Background and purpose: Follow-up MR imaging of brain AVMs currently relies on contrast-enhanced sequences. Noncontrast techniques, including arterial spin-labeling and TOF, may have value in detecting a residual nidus after radiosurgery. The aim of this study was to compare noncontrast with contrast-enhanced MR imaging for the differentiation of residual-versus-obliterated brain AVMs in radiosurgically treated patients.
Materials and methods: Twenty-eight consecutive patients with small brain AVMs (<20 mm) treated by radiosurgery were followed with the same MR imaging protocol. Three neuroradiologists, blinded to the results, independently reviewed the following: 1) postcontrast images alone (4D contrast-enhanced MRA and postcontrast 3D T1 gradient recalled-echo), 2) arterial spin-labeling and TOF images alone, and 3) all MR images combined. The primary end point was the detection of residual brain AVMs using a 5-point scale, with DSA as the reference standard.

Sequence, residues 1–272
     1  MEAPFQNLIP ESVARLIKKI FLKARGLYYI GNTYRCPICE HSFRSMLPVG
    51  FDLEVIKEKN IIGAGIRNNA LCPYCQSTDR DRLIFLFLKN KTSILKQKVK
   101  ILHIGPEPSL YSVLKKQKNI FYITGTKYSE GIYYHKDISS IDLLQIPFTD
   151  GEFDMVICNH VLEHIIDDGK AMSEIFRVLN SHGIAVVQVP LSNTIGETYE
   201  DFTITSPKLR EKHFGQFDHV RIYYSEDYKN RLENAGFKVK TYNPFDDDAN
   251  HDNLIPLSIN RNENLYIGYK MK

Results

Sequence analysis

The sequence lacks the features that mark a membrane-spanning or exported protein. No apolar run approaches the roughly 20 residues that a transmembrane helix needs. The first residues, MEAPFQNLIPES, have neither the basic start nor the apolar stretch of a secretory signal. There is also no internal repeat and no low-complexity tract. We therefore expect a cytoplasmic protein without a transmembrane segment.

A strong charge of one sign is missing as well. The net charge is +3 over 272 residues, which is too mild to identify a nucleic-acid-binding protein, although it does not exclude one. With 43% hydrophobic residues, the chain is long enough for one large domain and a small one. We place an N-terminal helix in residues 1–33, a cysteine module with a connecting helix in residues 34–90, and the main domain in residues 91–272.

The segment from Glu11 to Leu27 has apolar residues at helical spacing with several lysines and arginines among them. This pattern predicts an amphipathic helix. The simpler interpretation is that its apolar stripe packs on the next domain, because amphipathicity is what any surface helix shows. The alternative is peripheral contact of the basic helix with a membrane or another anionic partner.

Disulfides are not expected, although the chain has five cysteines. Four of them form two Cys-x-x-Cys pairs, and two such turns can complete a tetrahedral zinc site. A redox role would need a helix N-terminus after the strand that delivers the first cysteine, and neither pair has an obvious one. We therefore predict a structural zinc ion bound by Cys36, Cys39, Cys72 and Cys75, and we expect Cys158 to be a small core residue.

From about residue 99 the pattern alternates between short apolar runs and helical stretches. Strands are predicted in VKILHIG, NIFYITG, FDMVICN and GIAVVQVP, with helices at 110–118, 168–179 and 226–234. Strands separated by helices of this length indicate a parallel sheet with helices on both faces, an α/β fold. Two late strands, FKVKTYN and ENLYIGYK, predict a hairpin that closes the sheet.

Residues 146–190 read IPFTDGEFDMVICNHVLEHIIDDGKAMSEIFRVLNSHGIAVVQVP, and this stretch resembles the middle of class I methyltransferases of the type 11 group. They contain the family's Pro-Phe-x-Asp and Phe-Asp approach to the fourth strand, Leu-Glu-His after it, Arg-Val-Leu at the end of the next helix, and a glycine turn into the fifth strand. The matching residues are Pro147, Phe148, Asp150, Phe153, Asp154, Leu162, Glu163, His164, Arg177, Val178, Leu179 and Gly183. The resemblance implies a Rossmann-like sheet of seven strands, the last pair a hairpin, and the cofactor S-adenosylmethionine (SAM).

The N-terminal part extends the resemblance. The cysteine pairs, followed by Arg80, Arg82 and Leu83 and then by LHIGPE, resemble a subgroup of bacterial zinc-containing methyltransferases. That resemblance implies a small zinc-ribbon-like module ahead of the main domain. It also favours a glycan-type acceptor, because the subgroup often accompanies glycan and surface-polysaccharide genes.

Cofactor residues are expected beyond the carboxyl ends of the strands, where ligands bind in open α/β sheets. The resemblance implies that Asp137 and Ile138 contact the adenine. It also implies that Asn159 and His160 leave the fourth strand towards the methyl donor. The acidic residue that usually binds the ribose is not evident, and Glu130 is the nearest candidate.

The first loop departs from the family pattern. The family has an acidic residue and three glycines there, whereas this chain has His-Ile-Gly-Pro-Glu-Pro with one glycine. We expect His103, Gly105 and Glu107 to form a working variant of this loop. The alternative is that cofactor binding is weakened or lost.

Results: The highest interobserver agreement was for arterial spin-labeling/TOF (κ = 0.81; 95% confidence interval, 0.66-0.93). Regarding brain AVM detection, arterial spin-labeling/TOF had higher sensitivity (sensitivity, 85%; specificity, 100%; 95% CI, 62-97) than contrast-enhanced MR imaging (sensitivity, 55%; specificity, 100%; 95% CI, 27-73) and all MR images combined (sensitivity, 75%; specificity, 100%; 95% CI, 51-91) (P = .008). All nidus obliterations on DSA were detected on MR imaging. In 6 patients, a residual brain AVM present on DSA was only detected with arterial spin-labeling/TOF, including 3 based solely on arterial spin-labeling images.
Conclusions: In this study of radiosurgically treated patients with small brain AVMs, arterial spin-labeling/TOF was found to be superior to gadolinium-enhanced MR imaging in detecting residual AVMs.
© 2020 by American Journal of Neuroradiology.